(Updates with shares in seventh paragraph, analyst’s comment in 11th.)
June 15 (Bloomberg) -- Fiat SpA Chief Executive Officer Sergio Marchionne said the Italian carmaker won’t risk a credit- rating downgrade to gain full ownership of Chrysler Group LLC.
“We can’t jeopardize the rating of Fiat,” Marchionne told reporters late yesterday in Gavi, Italy, at a presentation of the Freemont sport-utility vehicle. “The easiest route” is an initial public offering at Chrysler instead of an outright purchase of the stake Fiat doesn’t currently own.
Fiat was placed under review for a possible downgrade by Moody’s Investor Services and Fitch Ratings in April after the carmaker announced plans to raise its Chrysler stake. Standard & Poor’s lowered its long-term corporate credit rating on the carmaker to BB in February and confirmed its “negative outlook.” All Fiat’s ratings are below investment grade.
The automaker, based in Turin, Italy, last month consolidated Chrysler’s results, a sign of the rapid integration of the two since the Auburn Hills, Michigan-based manufacturer exited bankruptcy in June 2009. S&P said in April its “negative outlook” reflected the “very substantial” operating and financial risks related to increased Chrysler exposure.
A share sale at Chrysler, as opposed to a purchase of the remaining shares, would mean less direct risk exposure for Fiat. Marchionne said yesterday he’s not in talks to acquire the United Auto Workers retiree health-care trust fund’s stake in the U.S. automaker. An IPO of Chrysler isn’t on tap for this year, he added.
“The market is not there” for a share sale, he said in an interview.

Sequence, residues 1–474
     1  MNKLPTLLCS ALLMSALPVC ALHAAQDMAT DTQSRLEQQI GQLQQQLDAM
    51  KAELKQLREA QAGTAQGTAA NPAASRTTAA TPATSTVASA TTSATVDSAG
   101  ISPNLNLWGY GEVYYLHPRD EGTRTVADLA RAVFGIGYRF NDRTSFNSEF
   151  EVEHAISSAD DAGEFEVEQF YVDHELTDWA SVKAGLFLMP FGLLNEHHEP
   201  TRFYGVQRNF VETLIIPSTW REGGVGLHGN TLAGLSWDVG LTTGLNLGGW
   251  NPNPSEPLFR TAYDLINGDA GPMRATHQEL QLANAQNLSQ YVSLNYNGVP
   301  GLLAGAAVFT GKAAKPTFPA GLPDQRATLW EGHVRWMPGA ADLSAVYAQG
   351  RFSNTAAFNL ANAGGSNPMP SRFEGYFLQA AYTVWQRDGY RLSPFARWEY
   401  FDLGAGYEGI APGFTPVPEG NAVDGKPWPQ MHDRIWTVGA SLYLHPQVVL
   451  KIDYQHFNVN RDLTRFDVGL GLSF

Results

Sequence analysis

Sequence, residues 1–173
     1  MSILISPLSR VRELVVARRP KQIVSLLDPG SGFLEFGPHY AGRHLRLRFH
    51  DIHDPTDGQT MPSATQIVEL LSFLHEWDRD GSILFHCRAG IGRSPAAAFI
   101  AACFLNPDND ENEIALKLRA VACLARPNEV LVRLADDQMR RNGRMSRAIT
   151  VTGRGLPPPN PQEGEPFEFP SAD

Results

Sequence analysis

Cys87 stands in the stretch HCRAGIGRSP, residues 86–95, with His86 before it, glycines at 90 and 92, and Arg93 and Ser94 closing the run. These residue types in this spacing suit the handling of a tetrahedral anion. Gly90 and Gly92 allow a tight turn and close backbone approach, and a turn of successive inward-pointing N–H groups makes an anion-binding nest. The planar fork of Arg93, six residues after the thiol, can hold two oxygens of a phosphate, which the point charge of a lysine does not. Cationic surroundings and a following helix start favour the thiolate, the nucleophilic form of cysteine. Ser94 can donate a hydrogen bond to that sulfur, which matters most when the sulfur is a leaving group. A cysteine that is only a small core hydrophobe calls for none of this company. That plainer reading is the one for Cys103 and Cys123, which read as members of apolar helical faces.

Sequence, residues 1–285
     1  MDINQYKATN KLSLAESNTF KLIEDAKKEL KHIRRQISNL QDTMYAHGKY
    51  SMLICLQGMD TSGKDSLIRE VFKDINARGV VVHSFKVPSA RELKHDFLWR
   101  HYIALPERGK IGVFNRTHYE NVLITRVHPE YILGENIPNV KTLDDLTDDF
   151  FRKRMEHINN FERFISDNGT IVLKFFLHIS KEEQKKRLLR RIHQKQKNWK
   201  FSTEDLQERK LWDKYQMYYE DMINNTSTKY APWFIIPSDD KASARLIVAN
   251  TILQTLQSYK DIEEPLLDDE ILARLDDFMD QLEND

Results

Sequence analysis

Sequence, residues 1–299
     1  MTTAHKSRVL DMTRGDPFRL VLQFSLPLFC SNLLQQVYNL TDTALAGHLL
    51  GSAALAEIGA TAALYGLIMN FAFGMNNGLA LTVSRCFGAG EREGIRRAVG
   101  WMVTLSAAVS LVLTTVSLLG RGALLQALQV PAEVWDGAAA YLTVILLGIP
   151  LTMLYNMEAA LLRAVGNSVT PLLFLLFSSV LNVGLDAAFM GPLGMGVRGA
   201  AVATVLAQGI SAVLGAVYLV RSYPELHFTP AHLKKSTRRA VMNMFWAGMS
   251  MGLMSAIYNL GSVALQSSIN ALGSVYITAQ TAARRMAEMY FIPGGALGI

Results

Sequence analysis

Fiat fell as much as 5 cents, or 0.7 percent, to 7.28 euros and was down 0.3 percent to 7.31 euros as of 10:11 a.m. in Milan trading. The shares have gained 9.1 percent this year, valuing the carmaker at 8.94 billion euros ($12.9 billion).
Fiat, which was initially granted a 20 percent stake in Chrysler by the U.S. government, aims to hold 57 percent of the third-biggest U.S. automaker by the end of 2011. The UAW trust will have 41.5 percent of Chrysler at that time, Fiat said.
Fiat agreed June 3 to pay $500 million for the U.S. government’s remaining 6 percent stake in Chrysler, boosting its holding to 52 percent. The CEO expects to receive an additional 5 percent stake in the fourth quarter in return for developing a fuel-efficient car for Chrysler.
Fiat has also made an offer to buy Canada’s 1.5 percent holding in Chrysler for $125 million and has acquired the U.S. government’s rights to buy the shares held by the UAW’s retiree trust, also known as VEBA.
“Marchionne may wait to see how Fiat and Chrysler cash generation develops and then decide whether to buy the VEBA stake or go for an IPO,” said Massimo Vecchio, a Mediobanca Spa analyst in Milan who has an “outperform” rating on Fiat. “Strong cash flow at Fiat and Chrysler are crucial to finance the call options exercise and to enhance company value.”
Marchionne also said that a listing of Ferrari SpA, Fiat’s most profitable unit, isn’t currently on the table, while it’s “always a possibility.”
Fiat has enough liquidity and has “no urgency” to issue new bonds, Marchionne said. The Italian carmaker this week confirmed its financial targets for 2011, including net income of about 300 million euros and its plan to sell 6 million cars with Chrysler by 2014.
Marchionne is pushing Chrysler this year to raise its global sales by 32 percent to 2 million vehicles and turn an annual profit of $200 million to $500 million. Chrysler last month posted a first-quarter net income of $116 million, its first since emerging from bankruptcy in 2009. Global sales during that period increased by 18 percent.
Marchionne said that Fiat isn’t interested in buying General Motors Co.’s Adam Opel unit. German magazines Der Spiegel and Auto Bild reported on June 9 that GM is prepared to sell Opel as losses at the European division persist. Fiat was a suitor for Opel when it was for sale in 2009.
--With assistance from Flavia Rotondi in Gavi and Marco Bertacche in Milan. Editors: Jamie Butters, Chad Thomas
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